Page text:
Choosing a program of study wasn’t an easy task for me—after debating between programs across multiple fields (including English, Commerce, Environmental Studies, and even Math), I decided to pursue a BA in Creative Industries at TMU because of the vast range of learning opportunities. The wide selection of courses has not only allowed me to explore my interest in marketing but also expand my critical thinking on the cultural and consumer trends around us. It’s a pretty cool program (if I do say so myself)—here are a few of my favourite projects.


Imagining the Creative City has been one of my favourite classes I’ve taken so far. The urban planning content seemed inapplicable at first, but I enjoyed incorporating my own creative ideas and leveraging my strengths for each assignment. For my final project, I decided to put my pandemic-fueled screen addiction to use—curating content from the apps on my phone, I shared the story of COVID-19 and its impact on my hometown of Markham, Ontario. Although I enjoyed the researching and writing aspect, I was especially proud of how the project turned out visually.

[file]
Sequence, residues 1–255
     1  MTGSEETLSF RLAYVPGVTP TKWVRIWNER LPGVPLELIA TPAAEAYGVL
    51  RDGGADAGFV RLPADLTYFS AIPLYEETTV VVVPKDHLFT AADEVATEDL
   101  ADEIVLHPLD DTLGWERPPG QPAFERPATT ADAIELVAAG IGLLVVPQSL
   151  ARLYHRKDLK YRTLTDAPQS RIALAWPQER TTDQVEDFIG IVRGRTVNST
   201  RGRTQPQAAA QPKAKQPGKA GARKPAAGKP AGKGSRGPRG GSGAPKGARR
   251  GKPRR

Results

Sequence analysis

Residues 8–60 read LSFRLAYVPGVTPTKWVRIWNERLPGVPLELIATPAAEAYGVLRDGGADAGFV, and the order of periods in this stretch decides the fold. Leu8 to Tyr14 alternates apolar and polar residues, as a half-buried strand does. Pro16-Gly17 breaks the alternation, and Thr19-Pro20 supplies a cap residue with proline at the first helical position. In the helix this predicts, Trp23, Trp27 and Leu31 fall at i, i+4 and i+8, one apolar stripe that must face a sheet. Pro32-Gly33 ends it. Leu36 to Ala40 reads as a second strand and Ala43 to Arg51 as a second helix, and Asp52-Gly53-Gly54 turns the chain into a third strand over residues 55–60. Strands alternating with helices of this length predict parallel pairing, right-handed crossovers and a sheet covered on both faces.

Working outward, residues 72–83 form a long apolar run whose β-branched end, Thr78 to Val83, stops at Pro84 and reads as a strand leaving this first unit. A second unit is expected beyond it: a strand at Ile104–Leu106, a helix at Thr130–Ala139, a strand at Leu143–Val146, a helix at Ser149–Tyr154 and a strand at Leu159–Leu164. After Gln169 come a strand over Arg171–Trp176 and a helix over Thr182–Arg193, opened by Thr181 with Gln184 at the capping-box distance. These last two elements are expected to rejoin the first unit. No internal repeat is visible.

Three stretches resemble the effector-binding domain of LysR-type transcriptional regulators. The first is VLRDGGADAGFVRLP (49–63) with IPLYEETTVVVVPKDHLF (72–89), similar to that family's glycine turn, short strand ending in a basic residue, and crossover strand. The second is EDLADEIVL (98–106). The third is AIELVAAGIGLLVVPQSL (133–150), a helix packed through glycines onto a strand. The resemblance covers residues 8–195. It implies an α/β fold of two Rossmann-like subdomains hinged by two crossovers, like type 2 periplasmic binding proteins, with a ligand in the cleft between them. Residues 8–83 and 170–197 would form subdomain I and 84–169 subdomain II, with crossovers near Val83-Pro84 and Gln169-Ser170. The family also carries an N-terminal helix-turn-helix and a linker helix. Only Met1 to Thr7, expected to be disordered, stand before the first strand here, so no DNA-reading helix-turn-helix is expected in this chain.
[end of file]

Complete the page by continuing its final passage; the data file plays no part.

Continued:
The final project for this course was to analyze the use of text, image, and sound within contemporary culture. As the instructions were extremely open for interpretation, I decided to take this opportunity to explore the branding of Nike—an industry expert from a marketing perspective. While I could have created a simple slideshow, I challenged my storytelling skills by scripting and producing a documentary-style video.


Do skinny jeans stand a chance with Gen Z? I searched for the answer to this question in my reported fashion feature, the final project for my second-year journalism elective. And after handing in the assignment, I also submitted a version of the article to be published on Her Campus.


I was also tasked with writing a personal essay, describing the relationship between my own experiences and any article of clothing. As a lucky member of the class of 2020, I chose my high school cap and gown—the piece isn’t published, but here’s a link to the creative essay on Notion.